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Santa Barbara
The Potential for Greatness
Santa Barbara County is an intriguing up-and-coming AVA less than 100 miles north of Los Angeles.
Santa Barbara Soon after the harvest, grape vines change to the yellow and golds of autumn.
It claims a history of winemaking that reaches back over 200 years, long before California statehood. Initially, the majority of the plantings were Mission grapes, employed for sacramental wine, but recently Santa Barbara wineries have forged a reputation for blending innovation with tradition. The movie Sideways made many of these wineries household names; in fact, there are travel agencies that offer Sideways tours of the region.

Despite its southern locale, Santa Barbara County is cooler than most other wine regions in California, due to the influence of the Pacific Ocean and a string of east-west valleys that channel cool ocean breezes inland. In the 1960s the first modern wineries focused on Cabernet Sauvignon, Sauvignon Blanc, Merlot, Riesling and Chardonnay, but because of the diverse mezzo-climates and differing soil compositions, some varieties fared poorly. After 30 years of extensive experimentation, by the 1990s it was simply a matter of fine-tuning the results. Investments from corporate wineries followed, encouraging the local wine industry to take a more focused approach to its regional identity. Family-owned wineries still maintain a majority, and a new generation of winemakers is discovering the potential for high-quality wines.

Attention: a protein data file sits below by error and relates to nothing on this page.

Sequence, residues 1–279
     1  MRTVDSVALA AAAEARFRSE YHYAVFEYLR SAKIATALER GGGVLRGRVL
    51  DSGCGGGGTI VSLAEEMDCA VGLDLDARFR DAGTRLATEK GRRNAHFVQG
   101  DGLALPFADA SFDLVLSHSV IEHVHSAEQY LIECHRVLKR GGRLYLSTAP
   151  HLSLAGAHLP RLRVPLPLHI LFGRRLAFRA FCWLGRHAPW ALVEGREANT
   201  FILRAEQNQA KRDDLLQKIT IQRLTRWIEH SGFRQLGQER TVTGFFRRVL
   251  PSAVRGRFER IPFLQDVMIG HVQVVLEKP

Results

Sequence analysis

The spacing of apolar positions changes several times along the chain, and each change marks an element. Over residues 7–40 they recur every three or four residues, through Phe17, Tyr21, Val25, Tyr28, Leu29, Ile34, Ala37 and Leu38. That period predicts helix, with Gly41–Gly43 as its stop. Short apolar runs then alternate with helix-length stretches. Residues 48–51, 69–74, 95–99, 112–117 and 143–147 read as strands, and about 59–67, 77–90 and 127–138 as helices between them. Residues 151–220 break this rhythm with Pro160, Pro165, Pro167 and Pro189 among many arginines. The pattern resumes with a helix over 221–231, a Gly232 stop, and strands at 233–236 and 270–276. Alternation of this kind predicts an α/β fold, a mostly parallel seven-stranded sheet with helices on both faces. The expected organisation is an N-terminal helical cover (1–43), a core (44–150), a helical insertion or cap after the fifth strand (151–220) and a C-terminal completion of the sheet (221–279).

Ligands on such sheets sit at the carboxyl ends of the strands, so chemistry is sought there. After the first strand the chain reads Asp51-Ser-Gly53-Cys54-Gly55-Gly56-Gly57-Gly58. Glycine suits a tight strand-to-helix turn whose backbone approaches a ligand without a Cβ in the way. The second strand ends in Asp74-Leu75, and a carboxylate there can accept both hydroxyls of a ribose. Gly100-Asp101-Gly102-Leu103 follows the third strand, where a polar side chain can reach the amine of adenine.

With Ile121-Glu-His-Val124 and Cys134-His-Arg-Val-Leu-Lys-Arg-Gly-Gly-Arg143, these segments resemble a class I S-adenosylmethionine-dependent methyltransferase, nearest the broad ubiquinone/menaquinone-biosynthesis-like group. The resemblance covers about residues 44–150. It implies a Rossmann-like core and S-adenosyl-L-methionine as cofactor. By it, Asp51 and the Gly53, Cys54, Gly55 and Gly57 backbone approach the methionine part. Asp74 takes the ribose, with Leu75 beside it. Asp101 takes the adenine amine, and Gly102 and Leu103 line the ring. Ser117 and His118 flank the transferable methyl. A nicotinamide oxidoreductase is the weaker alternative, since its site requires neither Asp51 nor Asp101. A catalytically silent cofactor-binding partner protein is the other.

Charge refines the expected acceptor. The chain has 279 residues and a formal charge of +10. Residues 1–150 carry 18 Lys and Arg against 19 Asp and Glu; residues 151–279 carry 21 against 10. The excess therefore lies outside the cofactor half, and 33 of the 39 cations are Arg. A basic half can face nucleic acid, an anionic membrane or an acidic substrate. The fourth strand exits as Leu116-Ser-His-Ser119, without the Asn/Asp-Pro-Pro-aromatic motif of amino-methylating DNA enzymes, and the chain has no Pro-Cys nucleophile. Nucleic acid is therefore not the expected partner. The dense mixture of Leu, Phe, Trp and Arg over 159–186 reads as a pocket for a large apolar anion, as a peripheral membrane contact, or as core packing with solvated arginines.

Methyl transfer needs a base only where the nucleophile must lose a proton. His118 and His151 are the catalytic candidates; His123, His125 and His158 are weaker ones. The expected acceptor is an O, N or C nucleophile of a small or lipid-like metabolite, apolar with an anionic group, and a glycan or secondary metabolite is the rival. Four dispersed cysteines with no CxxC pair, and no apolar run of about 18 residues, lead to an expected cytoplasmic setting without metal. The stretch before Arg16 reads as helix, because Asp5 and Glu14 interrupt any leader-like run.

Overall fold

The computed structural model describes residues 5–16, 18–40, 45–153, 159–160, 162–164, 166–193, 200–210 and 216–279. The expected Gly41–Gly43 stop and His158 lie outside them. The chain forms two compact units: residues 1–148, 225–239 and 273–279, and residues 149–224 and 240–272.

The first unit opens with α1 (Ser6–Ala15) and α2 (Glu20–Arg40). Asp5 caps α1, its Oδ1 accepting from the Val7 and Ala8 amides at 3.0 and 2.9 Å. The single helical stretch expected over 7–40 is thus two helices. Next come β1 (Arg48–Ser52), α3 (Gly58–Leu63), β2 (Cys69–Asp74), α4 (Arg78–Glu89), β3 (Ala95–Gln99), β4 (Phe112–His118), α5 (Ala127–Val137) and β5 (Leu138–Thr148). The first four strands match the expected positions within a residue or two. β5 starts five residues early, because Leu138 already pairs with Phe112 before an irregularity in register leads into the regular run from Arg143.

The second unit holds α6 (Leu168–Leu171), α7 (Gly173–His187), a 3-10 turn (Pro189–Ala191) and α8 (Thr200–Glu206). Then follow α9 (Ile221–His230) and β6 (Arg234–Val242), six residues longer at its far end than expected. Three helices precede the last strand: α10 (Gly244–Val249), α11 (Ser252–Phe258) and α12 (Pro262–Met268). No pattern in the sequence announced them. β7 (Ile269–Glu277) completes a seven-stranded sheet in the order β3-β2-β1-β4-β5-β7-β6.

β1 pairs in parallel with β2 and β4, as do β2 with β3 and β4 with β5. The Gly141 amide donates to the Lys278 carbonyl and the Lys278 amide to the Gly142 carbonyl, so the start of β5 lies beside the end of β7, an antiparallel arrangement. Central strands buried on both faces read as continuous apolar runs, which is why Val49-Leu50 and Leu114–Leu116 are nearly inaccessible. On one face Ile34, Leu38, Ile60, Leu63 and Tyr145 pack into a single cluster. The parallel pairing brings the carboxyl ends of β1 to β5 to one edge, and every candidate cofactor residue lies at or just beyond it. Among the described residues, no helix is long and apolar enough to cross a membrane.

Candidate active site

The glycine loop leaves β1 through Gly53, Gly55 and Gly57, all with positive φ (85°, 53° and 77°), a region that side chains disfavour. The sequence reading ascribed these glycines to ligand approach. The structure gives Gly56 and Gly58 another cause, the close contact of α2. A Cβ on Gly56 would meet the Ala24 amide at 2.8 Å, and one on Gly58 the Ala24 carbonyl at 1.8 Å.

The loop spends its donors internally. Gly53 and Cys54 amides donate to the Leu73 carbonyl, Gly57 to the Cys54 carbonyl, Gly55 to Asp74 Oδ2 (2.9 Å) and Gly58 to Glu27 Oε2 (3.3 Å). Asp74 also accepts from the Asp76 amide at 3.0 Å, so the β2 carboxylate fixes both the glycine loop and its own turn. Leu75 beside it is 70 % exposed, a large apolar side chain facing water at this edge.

The Santa Maria Valley is the northernmost appellation. Chardonnay and Pinot Noir benefit from the ocean’s cooling influence. Acclaimed wine critic Robert Parker says Santa Maria Valley has potential for greatness in growing the Burgundian varietals.

The Santa Ynez Valley is a long east-west valley with cooler temperatures near the Pacific coast and warmer ones further inland. Pinot Noir is the star on the cool western edge of the valley, while Rhône varietals shine in the warmer east. Many of the great Syrahs from Santa Barbara come from the eastern side of the Santa Ynez Valley.

The Santa Rita Hills area is often blanketed by fog in the cool early morning, and cooled down again by afternoon winds. The soils are sedimentary with patches of limestone, making a perfect home for Chardonnay and Pinot Noir.

Today there are over 200 wineries in Santa Barbara, many of which enjoy international popularity. Some of the most recognized wineries in the area include: Au Bon Climat, Babcock, Byron, Cambria, Fess Parker (of Daniel Boone fame), Firestone, Io, Meridian, Qupé, Rancho Sisquoc, Sanford and Zaca Mesa. There are also some newer wineries making their presence felt in the region, such as the internationally acclaimed Sea Smoke, Flying Goat, Taz, Melville and Carina.

Individual vineyards are also garnering significant acclaim. Bien Nacido is dedicated mostly to Chardonnay and Pinot Noir, and has experimental plantings of Barbera, Nebbiolo, Rousanne and other varieties. Smaller vineyards include Colson Canyon Vineyard, Fe Ciega Vineyard, Losson Ranch and Vineyard, Vina de Blanco, and the Windmill Ranch and Vineyard (Syrah).

Santa Barbara has the diversity of soils and climates to make it one of the most engaging and exciting winegrowing areas in California. With a commitment to excellence among its oenologists, Santa Barbara will be a force to reckon with for many years to come.

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